Northwestel’s plan to roll-out unlimited internet plans in the Northwest Territories is facing more challenges, with smaller competitor SSI Micro filing an intervention with the federal regulator.
SSI Micro buys access to Northwestels’ fibre optic network “wholesale” and have installed “last-mile infrastructure” — connections branching off the main fibre optic network to expand internet access — and offer internet plans which compete with Northwestel, according to Dean Procter, chief development officer with SSI Canada.
Last week, the company filed an intervention with the Canadian Radio-television and Telecommunications Commission.
Procter says Northwestel is trying to monopolize the market for internet services in NT by providing unlimited plans when competitors like his company aren’t able to.
“Northwest is trying to pull, what we can describe quite clearly, as a fast one,” said Procter. “This is a naked grab on their part to run competition out of the market.”
SSI Micro says Northwestel says the prices being made available to retail customers aren’t being made available to them, and offering unlimited internet at those prices is unsustainable.
According to Procter, this means either the company is trying “to run SSI out of business” or, the federal funding Northwestel received is making offering those plans sustainable.
Northwestel had previously announced its plans to make unlimited internet access available in every community in the Northwest Territories, backed by more than $62 million in funding from the CRTC.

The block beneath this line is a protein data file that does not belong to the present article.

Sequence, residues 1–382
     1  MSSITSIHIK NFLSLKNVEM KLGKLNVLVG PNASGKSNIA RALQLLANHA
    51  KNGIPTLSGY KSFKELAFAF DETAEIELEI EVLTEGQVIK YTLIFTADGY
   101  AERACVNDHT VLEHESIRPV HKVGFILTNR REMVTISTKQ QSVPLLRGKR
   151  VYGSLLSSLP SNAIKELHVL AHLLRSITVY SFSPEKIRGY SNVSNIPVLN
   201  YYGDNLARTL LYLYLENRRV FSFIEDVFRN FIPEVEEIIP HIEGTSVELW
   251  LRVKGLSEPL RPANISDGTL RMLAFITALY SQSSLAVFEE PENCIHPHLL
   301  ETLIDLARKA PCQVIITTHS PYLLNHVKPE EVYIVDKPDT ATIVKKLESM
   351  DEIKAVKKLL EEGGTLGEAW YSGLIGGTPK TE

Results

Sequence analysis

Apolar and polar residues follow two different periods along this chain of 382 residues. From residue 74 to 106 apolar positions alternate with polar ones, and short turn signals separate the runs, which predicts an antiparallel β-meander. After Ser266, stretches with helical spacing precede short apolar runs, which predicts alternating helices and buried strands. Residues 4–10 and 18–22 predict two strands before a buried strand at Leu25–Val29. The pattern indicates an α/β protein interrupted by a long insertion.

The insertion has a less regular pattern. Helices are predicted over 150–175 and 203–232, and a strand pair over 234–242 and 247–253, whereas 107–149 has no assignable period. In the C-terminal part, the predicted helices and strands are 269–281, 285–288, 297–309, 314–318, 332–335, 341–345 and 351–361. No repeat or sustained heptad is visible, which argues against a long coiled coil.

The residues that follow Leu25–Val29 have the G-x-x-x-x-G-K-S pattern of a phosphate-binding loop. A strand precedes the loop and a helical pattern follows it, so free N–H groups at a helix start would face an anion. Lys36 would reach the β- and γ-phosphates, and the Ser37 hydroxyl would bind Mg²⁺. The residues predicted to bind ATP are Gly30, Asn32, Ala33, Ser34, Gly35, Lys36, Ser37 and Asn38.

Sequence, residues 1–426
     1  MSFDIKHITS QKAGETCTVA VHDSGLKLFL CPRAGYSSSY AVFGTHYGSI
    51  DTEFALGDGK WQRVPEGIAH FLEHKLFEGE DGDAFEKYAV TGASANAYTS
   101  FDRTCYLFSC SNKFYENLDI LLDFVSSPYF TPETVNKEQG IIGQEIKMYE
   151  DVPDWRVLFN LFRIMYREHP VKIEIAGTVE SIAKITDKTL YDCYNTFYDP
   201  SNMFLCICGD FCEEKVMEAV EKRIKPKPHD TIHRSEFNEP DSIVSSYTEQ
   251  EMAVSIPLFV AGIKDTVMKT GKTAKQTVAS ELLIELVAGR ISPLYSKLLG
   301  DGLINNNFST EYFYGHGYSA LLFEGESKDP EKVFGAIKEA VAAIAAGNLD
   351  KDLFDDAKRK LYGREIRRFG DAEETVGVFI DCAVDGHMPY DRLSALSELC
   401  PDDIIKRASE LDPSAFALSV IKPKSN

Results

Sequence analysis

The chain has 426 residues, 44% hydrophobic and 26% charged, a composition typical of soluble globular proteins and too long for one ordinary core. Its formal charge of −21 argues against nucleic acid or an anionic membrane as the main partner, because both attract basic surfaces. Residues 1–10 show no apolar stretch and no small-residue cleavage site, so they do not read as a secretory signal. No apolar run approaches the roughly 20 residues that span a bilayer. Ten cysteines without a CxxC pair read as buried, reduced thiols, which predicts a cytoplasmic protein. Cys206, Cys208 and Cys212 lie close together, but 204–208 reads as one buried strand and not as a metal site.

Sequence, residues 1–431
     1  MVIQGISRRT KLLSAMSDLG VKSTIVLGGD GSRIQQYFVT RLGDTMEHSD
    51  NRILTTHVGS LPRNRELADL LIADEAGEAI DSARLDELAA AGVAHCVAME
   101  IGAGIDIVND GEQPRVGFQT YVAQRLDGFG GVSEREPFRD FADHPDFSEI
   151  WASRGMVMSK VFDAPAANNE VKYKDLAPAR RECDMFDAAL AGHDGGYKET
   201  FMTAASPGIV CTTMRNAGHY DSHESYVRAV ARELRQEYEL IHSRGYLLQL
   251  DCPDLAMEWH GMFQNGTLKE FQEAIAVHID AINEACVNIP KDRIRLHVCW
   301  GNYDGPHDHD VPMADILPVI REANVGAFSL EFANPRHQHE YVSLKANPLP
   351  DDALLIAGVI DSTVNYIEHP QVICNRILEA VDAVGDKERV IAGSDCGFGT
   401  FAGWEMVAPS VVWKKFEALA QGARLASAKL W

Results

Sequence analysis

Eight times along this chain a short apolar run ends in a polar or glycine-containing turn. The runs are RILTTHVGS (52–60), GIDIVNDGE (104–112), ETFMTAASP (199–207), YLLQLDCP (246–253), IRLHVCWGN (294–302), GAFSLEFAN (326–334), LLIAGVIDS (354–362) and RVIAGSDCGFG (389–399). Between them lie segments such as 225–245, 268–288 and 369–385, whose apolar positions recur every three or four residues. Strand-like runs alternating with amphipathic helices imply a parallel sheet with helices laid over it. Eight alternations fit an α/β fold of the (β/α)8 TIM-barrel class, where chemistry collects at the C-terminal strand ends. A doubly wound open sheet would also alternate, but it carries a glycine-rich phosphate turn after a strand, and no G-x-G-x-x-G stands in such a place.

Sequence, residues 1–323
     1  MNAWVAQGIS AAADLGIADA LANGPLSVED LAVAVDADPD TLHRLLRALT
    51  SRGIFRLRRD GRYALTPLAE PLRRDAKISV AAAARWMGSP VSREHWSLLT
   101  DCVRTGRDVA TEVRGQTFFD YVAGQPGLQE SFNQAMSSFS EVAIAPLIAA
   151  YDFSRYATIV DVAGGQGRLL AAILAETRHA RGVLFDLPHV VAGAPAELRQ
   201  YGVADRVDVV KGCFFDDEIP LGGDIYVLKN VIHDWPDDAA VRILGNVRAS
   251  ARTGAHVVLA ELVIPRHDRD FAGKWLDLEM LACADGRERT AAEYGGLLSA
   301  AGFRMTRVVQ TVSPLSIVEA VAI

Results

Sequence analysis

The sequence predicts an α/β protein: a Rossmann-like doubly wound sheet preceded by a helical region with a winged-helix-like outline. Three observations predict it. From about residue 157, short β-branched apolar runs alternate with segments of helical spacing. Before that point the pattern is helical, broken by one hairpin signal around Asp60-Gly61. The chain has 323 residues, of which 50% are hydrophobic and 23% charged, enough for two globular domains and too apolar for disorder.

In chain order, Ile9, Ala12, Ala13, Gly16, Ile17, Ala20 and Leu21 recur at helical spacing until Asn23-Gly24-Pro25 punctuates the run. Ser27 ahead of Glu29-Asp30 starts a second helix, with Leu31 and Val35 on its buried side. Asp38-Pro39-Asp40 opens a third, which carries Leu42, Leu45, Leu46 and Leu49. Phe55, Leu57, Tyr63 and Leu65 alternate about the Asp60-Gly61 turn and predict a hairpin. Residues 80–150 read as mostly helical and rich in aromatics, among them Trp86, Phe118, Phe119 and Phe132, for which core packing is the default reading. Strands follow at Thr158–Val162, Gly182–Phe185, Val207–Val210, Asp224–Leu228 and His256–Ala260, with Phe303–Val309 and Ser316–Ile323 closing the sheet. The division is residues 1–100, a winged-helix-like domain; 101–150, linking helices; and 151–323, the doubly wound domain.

Procter said if the federal funding is making the unlimited internet plans sustainable, than Northwestel should offer the same prices to non-retail customers like SSI Micro.
“We understand that Northerners pay too much for internet, we get that — we pay too much for internet,” said Procter. We’re not trying to prejudice consumers. On the contrary, we’re trying to give proper competition to make sure that competition is maintained in the north, but to make sure that competition is actually healthy competition.”
“By having a monopoly backbone provider, treat so badly, their wholesale customers and give such benefits to the retail customers,” Procter added. “It’s clear, something’s wrong. We can’t stand by and let that happen.”
Northwestel declined to comment on the intervention.
“Our focus is on introducing new Internet services to meet the changing needs of our customers,” Andrew Anderson, Northwestel’s director of communications, said in an email. “We are confident that the services and rates we put forward are balanced and reasonable.”
Northwestel had announced its unlimited internet plans would be available to order on November 2, but announced on Twitter last week that that date would have to be pushed back, after the CRTC said they needed more time to review their application.
No date has been set for when unlimited internet plans will be rolled out.